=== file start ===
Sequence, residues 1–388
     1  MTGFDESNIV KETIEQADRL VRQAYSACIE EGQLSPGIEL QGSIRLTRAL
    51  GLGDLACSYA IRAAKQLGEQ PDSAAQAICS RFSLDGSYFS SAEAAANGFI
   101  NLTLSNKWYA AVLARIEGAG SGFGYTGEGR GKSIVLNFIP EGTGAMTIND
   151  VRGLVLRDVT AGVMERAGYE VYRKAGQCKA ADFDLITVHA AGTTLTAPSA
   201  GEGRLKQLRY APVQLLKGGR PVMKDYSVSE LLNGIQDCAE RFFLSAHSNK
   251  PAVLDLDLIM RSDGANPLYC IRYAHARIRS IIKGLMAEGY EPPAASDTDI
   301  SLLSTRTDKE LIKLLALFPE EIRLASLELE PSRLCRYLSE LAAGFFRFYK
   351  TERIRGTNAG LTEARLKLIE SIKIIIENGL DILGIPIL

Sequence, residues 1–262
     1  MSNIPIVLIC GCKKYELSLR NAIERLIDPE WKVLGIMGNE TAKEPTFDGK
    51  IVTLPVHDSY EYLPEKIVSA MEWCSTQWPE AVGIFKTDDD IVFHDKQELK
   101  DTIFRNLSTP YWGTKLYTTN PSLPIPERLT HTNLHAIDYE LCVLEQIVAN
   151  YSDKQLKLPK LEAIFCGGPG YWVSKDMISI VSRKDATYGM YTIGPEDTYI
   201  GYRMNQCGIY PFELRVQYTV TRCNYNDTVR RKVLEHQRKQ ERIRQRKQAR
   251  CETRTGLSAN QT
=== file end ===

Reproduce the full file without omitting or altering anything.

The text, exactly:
Sequence, residues 1–388
     1  MTGFDESNIV KETIEQADRL VRQAYSACIE EGQLSPGIEL QGSIRLTRAL
    51  GLGDLACSYA IRAAKQLGEQ PDSAAQAICS RFSLDGSYFS SAEAAANGFI
   101  NLTLSNKWYA AVLARIEGAG SGFGYTGEGR GKSIVLNFIP EGTGAMTIND
   151  VRGLVLRDVT AGVMERAGYE VYRKAGQCKA ADFDLITVHA AGTTLTAPSA
   201  GEGRLKQLRY APVQLLKGGR PVMKDYSVSE LLNGIQDCAE RFFLSAHSNK
   251  PAVLDLDLIM RSDGANPLYC IRYAHARIRS IIKGLMAEGY EPPAASDTDI
   301  SLLSTRTDKE LIKLLALFPE EIRLASLELE PSRLCRYLSE LAAGFFRFYK
   351  TERIRGTNAG LTEARLKLIE SIKIIIENGL DILGIPIL

Sequence, residues 1–262
     1  MSNIPIVLIC GCKKYELSLR NAIERLIDPE WKVLGIMGNE TAKEPTFDGK
    51  IVTLPVHDSY EYLPEKIVSA MEWCSTQWPE AVGIFKTDDD IVFHDKQELK
   101  DTIFRNLSTP YWGTKLYTTN PSLPIPERLT HTNLHAIDYE LCVLEQIVAN
   151  YSDKQLKLPK LEAIFCGGPG YWVSKDMISI VSRKDATYGM YTIGPEDTYI
   201  GYRMNQCGIY PFELRVQYTV TRCNYNDTVR RKVLEHQRKQ ERIRQRKQAR
   251  CETRTGLSAN QT